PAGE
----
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Jaw Fracture (Temporomandibular Joint Fracture) Physiotherapy

Temporomandibular Joint (TMJ) fracture (jaw fracture) is the second most common fracture to the bones of the face - second only when compared to the bones of the nose which are broken more frequently.

The jaw bone (termed as mandible) or skull bone section of the jaw (temporal bone) can also be broken near or through the TMJ. The injury normally occurs due to trauma to the face, such as a direct hit.

The joint itself can be damaged as well as the muscles that move the jaw ie patients can injure/fracture the bone, the joint of the temporomandibular joint and the muscles of the TMJ too.

After the bone heals, it may be difficult to open or move the jaw. Physical therapists help people who have sustained TMJ fractures to relieve their pain and restore movement and function to the jaw.

What Is Temporomandibular Joint Fracture (Jaw Fracture)?

A temporomandibular joint (TMJ) facture happens when the mandible and/or temporal bone is suffers a breakage or fracture near or through the TMJ, which is the joint connecting the jaw bone to the skull.

Like other bones in the body, our mandible, also known as our jaw bone, and the temporal bone, which is the bone on the skull that forms the upper part of the jaw joint, can break when subjected to trauma.

TMJ fractures typically happen due to direct trauma to the face - the jaw most often breaks along the condyles, which are rounded projections on the jaw bone. Fractures also may occur with a dislocation of the temporomandibular joints.

The most common causes of TMJ fracture includes:

Men aged 20 to 29 years are most likely to sustain these injuries, and are approximately 3 times more likely than women of the same age to do so.

Following a TMJ fracture, especially if the inside surface of the mouth is torn, there also is a risk of infection, which can lead to osteomyelitis of the jaw. If patient suffer damage or blows to the head severe enough to cause a TMJ fracture, it can also cause a concussion.

How Does it Feel?

Following a TMJ fracture, you may experience:

  • Jaw pain
  • Swelling and possible bruising in the area
  • Jaw fatigue
  • Difficulty opening your mouth to eat or talk
  • Ringing in your ears
  • Dizziness
  • Headache
  • Loose or broken teeth
  • Popping sounds in your jaw
  • Neck pain
  • A change in the way the teeth fit together
  • A locking jaw
  • A bump you can feel with your fingers on the jaw bone or joint

How Is temporomandibular joint (TMJ) fracture Diagnosed?

In cases of facial trauma and pain, diagnosis is made by an emergency medicine doctor at a hospital or other emergency clinic. X-rays or computed tomography (CT scan) will be ordered to determine the existence and severity of a fracture.

If the jaw was/has been dislocated, the physician will return it to its normal position.

  • A less severe fracture is diagnosed when the bone is still in place, but has a small fracture line where the bone has broken.
  • A more severe fracture can involve a larger fracture line, partially displaced sections of bone, or a dislocation.
  • An extreme fracture involves displaced segments of bone or fragmented bone, with a significant alteration of bone structure.

There are several treatments to help a TMJ fracture safely heal.

  • If the fracture is less severe, your physician will recommend resting the jaw by:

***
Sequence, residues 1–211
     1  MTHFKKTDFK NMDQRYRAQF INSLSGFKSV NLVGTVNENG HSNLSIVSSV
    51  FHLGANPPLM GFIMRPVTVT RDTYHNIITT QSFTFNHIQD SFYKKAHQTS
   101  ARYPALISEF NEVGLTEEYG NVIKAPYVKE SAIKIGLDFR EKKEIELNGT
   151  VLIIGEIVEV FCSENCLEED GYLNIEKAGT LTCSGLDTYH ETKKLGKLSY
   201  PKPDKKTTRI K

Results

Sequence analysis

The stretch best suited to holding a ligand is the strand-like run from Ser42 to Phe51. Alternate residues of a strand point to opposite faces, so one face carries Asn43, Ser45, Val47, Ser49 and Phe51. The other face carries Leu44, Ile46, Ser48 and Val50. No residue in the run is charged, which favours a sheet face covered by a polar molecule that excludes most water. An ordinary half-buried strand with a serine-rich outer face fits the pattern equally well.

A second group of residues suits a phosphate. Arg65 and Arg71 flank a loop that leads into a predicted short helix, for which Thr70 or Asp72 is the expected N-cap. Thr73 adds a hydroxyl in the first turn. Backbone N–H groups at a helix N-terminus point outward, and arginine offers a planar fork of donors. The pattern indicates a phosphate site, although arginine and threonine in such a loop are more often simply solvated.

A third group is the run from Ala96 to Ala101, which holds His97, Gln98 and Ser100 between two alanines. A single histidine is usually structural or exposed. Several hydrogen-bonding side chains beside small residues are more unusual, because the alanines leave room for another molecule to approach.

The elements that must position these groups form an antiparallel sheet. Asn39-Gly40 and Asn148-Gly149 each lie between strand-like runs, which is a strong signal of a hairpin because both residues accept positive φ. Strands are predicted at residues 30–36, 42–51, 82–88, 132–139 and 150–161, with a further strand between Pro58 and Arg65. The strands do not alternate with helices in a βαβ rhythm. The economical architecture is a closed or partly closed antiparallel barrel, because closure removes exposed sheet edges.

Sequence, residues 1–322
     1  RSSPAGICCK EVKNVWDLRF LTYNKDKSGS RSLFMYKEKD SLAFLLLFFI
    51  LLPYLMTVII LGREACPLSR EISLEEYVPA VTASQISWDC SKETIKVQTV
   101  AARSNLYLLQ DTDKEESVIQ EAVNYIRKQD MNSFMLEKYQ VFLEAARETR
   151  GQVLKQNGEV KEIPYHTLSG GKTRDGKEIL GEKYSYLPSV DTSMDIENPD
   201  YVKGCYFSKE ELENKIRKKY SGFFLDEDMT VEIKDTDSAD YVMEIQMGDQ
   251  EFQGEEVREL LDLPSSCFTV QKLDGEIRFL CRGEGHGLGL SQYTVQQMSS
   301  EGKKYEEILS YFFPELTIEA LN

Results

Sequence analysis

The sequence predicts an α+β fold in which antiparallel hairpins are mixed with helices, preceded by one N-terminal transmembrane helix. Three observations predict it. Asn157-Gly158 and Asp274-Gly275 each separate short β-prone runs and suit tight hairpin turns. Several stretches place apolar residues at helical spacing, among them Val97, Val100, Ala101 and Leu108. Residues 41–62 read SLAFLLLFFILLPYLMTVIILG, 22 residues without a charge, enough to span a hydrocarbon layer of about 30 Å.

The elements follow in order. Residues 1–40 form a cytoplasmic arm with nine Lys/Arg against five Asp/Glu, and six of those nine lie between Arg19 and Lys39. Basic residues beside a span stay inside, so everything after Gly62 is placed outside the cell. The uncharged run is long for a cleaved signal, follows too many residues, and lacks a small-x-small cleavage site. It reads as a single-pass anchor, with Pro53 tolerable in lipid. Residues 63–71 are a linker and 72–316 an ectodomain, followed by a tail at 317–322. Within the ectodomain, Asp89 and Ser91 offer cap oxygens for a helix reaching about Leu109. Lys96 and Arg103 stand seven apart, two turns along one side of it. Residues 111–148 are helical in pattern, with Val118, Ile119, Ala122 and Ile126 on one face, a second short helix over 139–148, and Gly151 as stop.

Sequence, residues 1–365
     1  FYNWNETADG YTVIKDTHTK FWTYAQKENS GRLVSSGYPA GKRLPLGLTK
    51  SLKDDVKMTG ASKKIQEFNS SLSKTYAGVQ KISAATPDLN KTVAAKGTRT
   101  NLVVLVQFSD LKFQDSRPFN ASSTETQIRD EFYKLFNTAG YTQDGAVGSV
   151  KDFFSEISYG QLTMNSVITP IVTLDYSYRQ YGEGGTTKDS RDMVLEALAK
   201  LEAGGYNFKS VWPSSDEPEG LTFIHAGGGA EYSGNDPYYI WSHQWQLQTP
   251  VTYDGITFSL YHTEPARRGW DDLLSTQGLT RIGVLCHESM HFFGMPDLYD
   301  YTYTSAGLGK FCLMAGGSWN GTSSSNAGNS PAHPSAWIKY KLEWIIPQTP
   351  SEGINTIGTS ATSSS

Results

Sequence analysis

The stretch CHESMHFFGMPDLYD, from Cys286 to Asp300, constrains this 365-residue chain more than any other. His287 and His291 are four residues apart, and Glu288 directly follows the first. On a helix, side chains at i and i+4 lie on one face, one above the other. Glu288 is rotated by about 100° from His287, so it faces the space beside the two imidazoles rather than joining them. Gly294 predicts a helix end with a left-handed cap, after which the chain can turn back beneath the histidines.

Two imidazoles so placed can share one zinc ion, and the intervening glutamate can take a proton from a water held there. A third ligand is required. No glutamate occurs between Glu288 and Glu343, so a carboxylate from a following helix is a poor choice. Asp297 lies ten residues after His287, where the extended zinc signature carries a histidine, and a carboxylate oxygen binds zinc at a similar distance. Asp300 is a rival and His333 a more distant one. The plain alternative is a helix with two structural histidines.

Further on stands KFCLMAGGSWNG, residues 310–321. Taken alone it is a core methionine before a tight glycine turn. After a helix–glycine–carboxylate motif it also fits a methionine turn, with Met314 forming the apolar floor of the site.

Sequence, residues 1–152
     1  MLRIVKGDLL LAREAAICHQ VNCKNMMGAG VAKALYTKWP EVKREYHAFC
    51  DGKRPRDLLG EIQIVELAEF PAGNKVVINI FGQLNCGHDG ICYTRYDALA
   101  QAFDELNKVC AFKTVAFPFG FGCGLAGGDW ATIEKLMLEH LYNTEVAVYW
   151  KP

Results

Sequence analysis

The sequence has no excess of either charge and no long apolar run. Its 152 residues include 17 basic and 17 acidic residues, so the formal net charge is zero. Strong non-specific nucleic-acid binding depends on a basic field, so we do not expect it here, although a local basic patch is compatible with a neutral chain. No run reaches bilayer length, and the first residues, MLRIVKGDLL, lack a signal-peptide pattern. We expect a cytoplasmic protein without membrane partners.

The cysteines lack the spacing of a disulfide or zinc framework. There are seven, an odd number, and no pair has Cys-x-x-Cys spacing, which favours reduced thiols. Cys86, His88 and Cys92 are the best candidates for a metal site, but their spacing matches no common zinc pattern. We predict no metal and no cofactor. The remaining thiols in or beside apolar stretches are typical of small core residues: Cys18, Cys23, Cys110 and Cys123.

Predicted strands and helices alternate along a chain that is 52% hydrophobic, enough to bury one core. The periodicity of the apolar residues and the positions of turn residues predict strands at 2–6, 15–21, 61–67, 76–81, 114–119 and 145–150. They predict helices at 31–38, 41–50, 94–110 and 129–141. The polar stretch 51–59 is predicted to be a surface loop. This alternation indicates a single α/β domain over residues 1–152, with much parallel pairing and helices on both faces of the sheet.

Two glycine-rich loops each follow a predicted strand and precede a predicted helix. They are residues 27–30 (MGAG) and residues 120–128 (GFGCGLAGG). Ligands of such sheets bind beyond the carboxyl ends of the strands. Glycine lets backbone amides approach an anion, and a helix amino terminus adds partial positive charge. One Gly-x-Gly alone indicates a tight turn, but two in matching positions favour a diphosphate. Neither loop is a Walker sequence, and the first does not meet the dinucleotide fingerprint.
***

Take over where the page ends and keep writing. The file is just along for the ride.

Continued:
1. Eating soft foods, or going on a liquid diet.
  2. Limiting jaw use such as speaking or brushing your teeth.
  • If the fracture is severe, your physician may consider a form of splint therapy to hold the jaw steady and rest it in a proper position for healing.
  • If the fracture is extreme, surgery may be required, or the jaw may be set and wired closed to prevent any movement and ensure complete healing.

All of these treatments allow the jaw to heal, but often result in TMJ stiffness.

The muscles used to move the jaw also may become tight and weak. You may not be able to eat, drink, or open your mouth as you normally would. Our senior physiotherapist will work with you to help restore your jaw's normal movement, function, and muscular strength.

how our senior physiotherapists can help

Once you have completed a course of rest and/or splinting, we can help restore the natural movement of your jaw and decrease your pain.

During your first visit, our senior physical therapist may:

  • Review your medical history, and discuss any previous surgery, fractures, or other injuries to your head, neck, or jaw
  • Evaluate the quality and quantity of movement of your jaw and neck
  • Assess your posture and observe how your neck moves
  • Examine the TMJ to find out how well it can open, and whether there are any abnormalities in jaw motion following the fracture

Following the examination, we will select the appropriate treatments to improve your jaw movement and relieve your pain.

Improving Your Jaw Movement

Stretching and Motion Exercises

We may prescribe stretches and range-of-motion exercises for the jaw. The instruction will include guidelines for frequency and intensity of movement to ensure your safe performance of all your exercises.

Manual Therapy

We may also apply skilled hands-on techniques (manual therapy) to gently increase your jaw movement and relieve your pain.

"Low-Load" Exercises

We may teach you special "low-load" strengthening exercises that don't exert a lot of pressure on your TMJ, but can help strengthen the muscles of the jaw and restore a more natural, pain-free motion. We also will teach you exercises that help you increase the opening of your jaw and improve the way it works.

Relieving Your Pain

If your pain is severe, we may apply physical modalities, such as electrical stimulation or deep heat, to reduce pain and improve motion.